Tibi Dixit Cor Meum – 2nd Sunday in Lent. Stan Metheny

On the 2nd of the Lenten Sundays, in the Ordinary Form, the chants echo those  of the   feast of the Transfiguration, which is the Gospel of the day.

In the Introit, Tibi Dixit cor meum, we sing in the ethereal Mode 3, which Guido  D’Arezzo called  mystical, as we contemplate the majesty of the face of God  revealed to us in  Jesus transfigured  on the mountain. The melody clearly portrays  this with  several sustained notes on the   dominant do. We reach for the heights to  which  the transfigured Jesus calls us and  which he shows us are our destiny, if we  really hear Him. The words of the psalmist here are clear: it is my heart that seeks  to  contemplate God as he is. Heart is most  often used in the Scriptures to  represent the    deepest dimensions of the human person, the font of life, the will, the  desire, a type of  understanding that surpasses that of the mind—although the liturgy  tells us that the  mind provides important underpinnings and support to the emotions of the heart that  drive us and our behaviour. We keep our feet solidly on the ground, even though we  are on holy ground and reaching for the One Who Is beyond us.

Tibi dixit cor meum, quaesivi vultum tuum, vultum tuum Domine requiram: ne faciem tuam avertis a me. Ps. Dominus illuminatio mea et salus mea: quem timebo?

My heart said to You, I have sought Your countenance; I will seek Your countenance again, Lord. Do not turn Your face away from me. Ps. The Lord is my light and my salvation; whom will I fear?

Here again, as we saw last Sunday, the chants have a very uplifting and positive thrust, despite the fact that we are in Lent, the season of penance and sorrow for sin. The Preface explains briefly why we need to hear this message today. Like the apostles, we will soon face the reality of the passion and death of the Lord. We must not forget that it leads to His resurrection. [in monte sancto suam eis aperuit claritatem, ut per passionem, etiam lege prophetisque testantibus, ad gloriam resurrectionis perveniri constaretHe showed them his brightness, so that it would be clear that he would come through to the glory of the resurrection, as the law and the prophets bear witness.] For a more thorough explanation of this, read the extract from a sermon of Pope St. Leo the Great found in the Office of Readings for the day. (An English version is available at www.universalis.com.)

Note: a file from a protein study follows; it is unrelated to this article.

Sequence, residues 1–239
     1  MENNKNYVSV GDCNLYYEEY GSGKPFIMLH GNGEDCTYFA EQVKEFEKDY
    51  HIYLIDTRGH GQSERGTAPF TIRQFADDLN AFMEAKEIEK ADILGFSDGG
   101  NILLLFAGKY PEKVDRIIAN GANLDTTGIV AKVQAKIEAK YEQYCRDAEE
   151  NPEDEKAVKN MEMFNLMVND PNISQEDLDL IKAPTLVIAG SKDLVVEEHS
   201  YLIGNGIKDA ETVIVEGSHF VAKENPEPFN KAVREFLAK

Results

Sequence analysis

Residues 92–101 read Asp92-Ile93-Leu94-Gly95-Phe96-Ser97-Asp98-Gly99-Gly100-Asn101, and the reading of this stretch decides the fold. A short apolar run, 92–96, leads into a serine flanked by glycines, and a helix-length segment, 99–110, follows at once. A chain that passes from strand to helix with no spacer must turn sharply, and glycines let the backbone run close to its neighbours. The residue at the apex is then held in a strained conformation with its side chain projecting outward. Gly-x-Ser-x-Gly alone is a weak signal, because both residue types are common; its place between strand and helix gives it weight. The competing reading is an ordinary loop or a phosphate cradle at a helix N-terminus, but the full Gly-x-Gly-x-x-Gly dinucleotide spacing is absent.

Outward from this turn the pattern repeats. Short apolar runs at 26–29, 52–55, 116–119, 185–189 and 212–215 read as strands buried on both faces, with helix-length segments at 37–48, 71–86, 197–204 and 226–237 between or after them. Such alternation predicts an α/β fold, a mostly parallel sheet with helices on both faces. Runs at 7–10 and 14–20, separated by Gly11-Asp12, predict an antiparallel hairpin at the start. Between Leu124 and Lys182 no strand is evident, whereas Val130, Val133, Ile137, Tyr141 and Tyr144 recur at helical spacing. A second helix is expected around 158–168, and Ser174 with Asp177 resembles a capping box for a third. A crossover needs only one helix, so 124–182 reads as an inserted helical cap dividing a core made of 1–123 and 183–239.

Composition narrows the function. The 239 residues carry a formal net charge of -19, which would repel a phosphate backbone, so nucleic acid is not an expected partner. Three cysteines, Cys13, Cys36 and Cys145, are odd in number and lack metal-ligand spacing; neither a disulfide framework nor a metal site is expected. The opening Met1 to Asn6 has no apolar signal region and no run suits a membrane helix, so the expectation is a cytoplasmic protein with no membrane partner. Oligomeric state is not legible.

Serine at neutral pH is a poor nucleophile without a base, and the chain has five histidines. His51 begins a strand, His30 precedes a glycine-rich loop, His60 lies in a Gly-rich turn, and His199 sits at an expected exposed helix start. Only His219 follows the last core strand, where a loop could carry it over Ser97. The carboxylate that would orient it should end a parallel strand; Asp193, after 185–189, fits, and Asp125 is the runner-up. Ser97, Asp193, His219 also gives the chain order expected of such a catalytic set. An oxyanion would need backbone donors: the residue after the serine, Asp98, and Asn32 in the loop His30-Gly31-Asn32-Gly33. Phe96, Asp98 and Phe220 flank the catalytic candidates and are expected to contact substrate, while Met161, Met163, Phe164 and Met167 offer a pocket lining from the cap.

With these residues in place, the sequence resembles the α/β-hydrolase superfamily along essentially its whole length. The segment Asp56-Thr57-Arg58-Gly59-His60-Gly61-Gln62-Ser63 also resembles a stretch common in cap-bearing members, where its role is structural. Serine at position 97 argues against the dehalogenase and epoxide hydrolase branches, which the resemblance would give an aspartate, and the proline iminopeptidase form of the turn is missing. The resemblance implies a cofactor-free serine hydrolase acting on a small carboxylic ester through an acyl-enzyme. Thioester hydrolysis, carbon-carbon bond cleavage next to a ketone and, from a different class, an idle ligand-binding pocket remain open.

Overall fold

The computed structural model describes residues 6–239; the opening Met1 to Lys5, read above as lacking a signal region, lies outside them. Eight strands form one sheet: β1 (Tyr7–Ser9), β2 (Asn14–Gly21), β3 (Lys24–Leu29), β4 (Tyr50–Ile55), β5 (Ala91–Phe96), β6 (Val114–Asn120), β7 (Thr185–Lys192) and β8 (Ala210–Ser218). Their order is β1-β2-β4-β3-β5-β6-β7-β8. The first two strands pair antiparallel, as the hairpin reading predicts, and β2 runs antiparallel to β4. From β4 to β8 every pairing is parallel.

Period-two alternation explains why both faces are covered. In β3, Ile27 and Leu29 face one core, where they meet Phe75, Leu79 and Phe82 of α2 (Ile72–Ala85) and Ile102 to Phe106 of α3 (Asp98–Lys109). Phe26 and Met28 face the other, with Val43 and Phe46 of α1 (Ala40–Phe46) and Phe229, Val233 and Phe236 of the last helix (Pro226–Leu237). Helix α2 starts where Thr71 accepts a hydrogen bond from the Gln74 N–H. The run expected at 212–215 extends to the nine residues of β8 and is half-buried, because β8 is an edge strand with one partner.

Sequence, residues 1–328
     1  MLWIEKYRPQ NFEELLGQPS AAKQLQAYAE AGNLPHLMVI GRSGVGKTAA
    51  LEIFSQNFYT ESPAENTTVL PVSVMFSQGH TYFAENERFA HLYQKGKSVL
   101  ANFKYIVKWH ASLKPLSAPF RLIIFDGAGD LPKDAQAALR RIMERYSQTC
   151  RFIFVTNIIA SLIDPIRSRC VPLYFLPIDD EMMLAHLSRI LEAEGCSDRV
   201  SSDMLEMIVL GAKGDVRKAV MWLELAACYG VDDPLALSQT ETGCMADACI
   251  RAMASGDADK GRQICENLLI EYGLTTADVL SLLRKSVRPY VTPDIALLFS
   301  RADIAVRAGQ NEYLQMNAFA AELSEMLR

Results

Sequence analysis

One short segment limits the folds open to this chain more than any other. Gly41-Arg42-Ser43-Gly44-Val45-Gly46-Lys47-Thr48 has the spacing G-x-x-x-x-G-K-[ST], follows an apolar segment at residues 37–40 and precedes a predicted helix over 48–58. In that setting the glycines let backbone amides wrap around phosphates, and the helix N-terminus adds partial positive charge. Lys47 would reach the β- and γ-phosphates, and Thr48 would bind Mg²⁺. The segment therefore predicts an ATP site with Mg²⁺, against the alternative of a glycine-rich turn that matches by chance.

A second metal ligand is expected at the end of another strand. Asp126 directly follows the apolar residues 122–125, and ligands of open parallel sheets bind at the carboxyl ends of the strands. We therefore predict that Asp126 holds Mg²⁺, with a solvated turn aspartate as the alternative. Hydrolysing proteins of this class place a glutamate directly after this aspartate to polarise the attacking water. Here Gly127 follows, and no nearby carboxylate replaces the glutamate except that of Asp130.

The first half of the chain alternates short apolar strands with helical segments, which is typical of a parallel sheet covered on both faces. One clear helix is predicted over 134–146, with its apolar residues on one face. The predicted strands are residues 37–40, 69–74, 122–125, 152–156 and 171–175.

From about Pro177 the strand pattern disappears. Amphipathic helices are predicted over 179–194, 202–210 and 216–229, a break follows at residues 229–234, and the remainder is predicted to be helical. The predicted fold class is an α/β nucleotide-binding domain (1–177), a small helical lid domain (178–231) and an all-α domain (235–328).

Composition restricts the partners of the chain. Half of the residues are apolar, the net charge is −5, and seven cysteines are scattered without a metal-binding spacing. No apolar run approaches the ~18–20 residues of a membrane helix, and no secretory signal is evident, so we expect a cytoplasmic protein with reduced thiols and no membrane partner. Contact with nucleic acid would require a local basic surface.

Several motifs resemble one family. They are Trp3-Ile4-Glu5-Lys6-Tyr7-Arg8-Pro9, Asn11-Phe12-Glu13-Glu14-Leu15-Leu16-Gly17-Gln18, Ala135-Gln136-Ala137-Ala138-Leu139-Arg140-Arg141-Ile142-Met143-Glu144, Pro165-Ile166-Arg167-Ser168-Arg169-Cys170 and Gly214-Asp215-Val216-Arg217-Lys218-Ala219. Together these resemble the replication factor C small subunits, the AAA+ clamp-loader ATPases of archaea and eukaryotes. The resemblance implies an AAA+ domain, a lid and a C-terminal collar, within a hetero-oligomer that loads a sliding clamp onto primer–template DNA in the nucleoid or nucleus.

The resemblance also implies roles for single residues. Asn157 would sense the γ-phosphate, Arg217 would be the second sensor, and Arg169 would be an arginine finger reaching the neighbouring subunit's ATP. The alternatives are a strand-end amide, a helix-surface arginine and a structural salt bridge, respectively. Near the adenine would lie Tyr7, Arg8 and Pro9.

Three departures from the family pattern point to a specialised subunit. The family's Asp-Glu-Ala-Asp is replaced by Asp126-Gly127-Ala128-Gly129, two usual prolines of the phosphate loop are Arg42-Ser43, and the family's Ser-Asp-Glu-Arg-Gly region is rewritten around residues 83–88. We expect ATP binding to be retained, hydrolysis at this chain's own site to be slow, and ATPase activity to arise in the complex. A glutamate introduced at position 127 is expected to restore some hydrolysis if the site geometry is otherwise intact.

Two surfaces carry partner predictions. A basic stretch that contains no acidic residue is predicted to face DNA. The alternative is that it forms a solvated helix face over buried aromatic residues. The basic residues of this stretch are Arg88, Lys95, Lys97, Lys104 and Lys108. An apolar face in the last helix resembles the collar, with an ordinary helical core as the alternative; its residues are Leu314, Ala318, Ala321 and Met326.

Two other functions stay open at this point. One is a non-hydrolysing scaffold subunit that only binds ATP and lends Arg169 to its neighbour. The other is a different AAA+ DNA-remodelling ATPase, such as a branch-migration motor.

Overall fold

The psalm verse in the Introit speaks to this very directly. Confronted by the startling gap between the glory of God revealed in Jesus and our own sinfulness, we do not need to fall down in fear, as the apostles did on the mountain. The cross and resurrection of Jesus, pre-figured in his transfigured body, are now a living reality in our world. Fear is driven away when we can see the Lord as our true light and our salvation. No wonder that the chant is triumphant; it is a chant to accompany our entrance onto our own holy mountain, as the priest goes before us to ascend the altar of sacrifice on our behalf: Jesus Christ going to the cross to offer Himself to the Father. It is a powerful reminder that our Lenten self-denial is not negative for its own sake, but as a means to transform ourselves into the fully human person we are called to be. Only by stripping away the false and transitory can we see what is true and enduring.

In recent decades, it’s become popular to think that our Lenten self-denial should generate monetary savings and that in turn will fund our almsgiving. Not a surprising way of thinking in an age when economic ‘quid pro quo’ measures loom large in our minds. But . . . well . . . ‘not exactly,’ as the popular expression goes. Eating less, drinking less, speaking less, shopping less, less media stimulation, or however else we might deny ourselves customary comforts, are all ways to provide more time for prayer and silence, and to strengthen us for the struggles we face. Then, in that quiet, we learn the transforming value of prayer and the liberating exhilaration of almsgiving. In their turn, praying and sharing change us; they make us richer. Just as we ask God to not turn his face from us, so we must not turn our face away from the needs of the poor, in whose face we behold Him. Or as the Collect succinctly says it: verbo tuo interius nos pascere digneris, ut, spiritali purificato intuitu, gloriae tuae laetemur aspectu. deign to feed us inwardly with Your word, so that, once our understanding has been purified, we may rejoice in the sight of Your glory.

In doing these things, we will be telling others of the great vision we have seen. And Christ is now raised from the dead, so it’s indeed time to tell the vision. Sing this Introit with gusto!

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